Index - Abroad - A hydroelectric power plant has been blown up in Norway

A dam built on the Tomsa River in Norway more than a hundred years ago has been blown up with dynamite to free up the migratory route for fish there, writes Guardian.

This is a huge step. I am extremely happy to be able to restore the health of the rivers and the fish population

Said Tore Solbakken, a member of the Norwegian fishing association Gudbrandsdal Sportfiskeforenig, which had been campaigning for the removal of the hydroelectric dam for five years.

On Wednesday, experts drilled five deep holes in the structure, into which 20 kilograms of dynamite were placed each. It is unusual in Europe for a dam to be destroyed by blasting, but in this case this method was thought to be the safest.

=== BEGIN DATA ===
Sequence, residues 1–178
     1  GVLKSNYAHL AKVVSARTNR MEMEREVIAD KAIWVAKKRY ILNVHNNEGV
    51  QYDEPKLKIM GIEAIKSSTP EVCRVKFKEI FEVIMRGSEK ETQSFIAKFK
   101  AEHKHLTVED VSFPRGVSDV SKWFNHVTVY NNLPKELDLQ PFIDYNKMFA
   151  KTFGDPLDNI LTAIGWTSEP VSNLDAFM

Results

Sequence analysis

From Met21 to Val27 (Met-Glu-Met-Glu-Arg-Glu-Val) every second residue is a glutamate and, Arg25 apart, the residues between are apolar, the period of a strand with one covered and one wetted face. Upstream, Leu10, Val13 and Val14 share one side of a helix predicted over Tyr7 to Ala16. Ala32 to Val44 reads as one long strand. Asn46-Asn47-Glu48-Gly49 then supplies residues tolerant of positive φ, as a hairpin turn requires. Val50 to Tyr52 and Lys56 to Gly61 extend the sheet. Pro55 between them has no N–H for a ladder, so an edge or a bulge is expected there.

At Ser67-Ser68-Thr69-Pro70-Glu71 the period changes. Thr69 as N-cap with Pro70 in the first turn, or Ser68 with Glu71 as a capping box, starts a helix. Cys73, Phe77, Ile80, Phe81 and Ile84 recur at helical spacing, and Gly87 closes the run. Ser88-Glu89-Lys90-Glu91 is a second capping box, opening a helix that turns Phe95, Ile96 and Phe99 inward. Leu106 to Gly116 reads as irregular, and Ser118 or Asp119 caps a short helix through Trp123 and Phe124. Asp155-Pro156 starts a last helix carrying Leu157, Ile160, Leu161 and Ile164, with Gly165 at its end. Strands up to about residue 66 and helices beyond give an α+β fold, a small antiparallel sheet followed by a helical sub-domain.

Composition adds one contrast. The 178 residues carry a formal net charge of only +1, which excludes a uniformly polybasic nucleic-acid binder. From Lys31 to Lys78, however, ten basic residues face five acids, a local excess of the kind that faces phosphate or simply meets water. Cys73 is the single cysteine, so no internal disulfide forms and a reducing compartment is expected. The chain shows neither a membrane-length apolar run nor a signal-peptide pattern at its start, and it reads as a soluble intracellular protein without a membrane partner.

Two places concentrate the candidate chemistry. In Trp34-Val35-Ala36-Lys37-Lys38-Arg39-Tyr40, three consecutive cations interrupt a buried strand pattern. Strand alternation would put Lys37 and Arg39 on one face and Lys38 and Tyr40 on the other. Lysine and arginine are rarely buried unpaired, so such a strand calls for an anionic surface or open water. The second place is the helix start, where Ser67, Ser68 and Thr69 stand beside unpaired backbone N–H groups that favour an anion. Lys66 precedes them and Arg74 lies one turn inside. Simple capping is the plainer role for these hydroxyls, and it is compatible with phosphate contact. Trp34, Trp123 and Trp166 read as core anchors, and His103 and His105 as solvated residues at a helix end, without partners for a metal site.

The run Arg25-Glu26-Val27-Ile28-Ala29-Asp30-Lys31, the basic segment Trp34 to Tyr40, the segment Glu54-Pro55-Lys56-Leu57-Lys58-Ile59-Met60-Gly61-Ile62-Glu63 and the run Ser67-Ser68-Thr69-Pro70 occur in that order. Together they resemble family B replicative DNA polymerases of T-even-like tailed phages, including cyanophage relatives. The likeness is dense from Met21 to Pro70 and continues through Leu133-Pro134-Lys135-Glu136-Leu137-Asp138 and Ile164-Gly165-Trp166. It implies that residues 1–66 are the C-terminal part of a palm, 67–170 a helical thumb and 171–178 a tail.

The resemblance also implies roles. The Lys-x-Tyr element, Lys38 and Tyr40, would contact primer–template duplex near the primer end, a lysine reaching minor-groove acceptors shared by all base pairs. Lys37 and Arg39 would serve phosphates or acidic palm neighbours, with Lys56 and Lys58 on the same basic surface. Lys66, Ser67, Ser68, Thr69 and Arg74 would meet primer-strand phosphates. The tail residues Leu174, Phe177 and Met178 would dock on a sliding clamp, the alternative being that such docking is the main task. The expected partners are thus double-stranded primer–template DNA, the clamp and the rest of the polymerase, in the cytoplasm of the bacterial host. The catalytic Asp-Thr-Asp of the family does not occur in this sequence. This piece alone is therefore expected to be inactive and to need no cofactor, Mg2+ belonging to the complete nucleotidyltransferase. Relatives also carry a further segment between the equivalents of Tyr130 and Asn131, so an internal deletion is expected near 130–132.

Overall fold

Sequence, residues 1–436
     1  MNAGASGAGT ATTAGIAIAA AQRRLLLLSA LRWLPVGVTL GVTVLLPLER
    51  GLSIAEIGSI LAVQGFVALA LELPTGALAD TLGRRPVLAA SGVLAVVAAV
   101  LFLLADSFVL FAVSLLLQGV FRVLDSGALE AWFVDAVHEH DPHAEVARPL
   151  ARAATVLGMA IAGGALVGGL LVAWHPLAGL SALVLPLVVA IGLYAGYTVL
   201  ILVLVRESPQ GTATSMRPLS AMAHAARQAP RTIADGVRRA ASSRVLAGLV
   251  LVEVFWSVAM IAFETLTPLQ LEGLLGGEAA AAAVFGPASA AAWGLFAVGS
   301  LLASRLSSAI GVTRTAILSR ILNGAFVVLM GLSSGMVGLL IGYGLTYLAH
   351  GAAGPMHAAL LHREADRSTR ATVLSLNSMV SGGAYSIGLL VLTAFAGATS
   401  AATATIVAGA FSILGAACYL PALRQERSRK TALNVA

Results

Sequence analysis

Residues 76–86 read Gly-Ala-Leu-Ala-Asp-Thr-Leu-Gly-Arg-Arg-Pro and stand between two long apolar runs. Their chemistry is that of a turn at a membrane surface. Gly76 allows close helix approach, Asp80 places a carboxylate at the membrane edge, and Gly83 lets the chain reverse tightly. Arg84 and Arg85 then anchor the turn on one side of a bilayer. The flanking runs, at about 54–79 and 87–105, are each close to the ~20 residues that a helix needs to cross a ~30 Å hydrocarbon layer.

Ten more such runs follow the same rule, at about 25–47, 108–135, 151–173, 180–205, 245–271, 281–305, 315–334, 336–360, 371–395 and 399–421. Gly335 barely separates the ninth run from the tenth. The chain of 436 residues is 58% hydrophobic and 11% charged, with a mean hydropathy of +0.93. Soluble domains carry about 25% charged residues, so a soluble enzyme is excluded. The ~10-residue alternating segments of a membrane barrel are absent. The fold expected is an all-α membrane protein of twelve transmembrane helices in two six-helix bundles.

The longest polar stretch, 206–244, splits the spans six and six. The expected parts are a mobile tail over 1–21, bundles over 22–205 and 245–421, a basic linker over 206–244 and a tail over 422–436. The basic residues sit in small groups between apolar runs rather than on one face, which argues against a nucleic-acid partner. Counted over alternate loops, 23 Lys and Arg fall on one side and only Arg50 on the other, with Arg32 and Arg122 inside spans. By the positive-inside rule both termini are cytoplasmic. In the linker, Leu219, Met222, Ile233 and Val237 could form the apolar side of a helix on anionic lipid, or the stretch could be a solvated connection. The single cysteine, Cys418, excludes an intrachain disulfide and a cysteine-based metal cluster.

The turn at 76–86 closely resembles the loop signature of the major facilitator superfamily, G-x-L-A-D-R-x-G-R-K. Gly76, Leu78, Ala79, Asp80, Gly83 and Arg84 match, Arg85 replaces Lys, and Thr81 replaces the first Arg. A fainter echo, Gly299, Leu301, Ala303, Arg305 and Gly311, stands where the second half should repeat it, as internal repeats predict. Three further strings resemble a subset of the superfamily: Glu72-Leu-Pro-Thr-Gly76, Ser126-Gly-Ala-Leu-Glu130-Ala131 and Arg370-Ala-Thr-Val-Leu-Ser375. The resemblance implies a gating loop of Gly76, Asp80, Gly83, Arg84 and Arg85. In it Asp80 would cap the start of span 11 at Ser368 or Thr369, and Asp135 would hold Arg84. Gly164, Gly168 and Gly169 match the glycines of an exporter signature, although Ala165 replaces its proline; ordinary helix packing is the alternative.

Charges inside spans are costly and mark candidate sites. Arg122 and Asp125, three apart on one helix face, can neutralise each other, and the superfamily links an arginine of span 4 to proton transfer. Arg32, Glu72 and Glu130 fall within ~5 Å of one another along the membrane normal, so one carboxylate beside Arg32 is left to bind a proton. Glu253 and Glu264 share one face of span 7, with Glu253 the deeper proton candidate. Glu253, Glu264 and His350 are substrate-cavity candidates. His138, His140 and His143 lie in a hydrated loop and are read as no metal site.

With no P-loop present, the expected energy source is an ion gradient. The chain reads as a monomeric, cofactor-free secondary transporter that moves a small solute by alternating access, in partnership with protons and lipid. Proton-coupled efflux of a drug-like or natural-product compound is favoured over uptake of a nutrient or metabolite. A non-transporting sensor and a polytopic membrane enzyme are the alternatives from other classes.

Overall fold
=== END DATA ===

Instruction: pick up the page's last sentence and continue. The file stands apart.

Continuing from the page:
As planned, the middle and top of the dam shattered. We will be working with excavators now. It’s a massive dam and the full demolition will take days

Solbakken said.

Herman Wanningen, founder of the World Fish Migration Foundation, explained that dams on rivers block fish migration routes. Many fish species, such as sturgeon, Atlantic salmon or eel, swim thousands of miles to reproduce. Dams also drastically change the natural flow of rivers.

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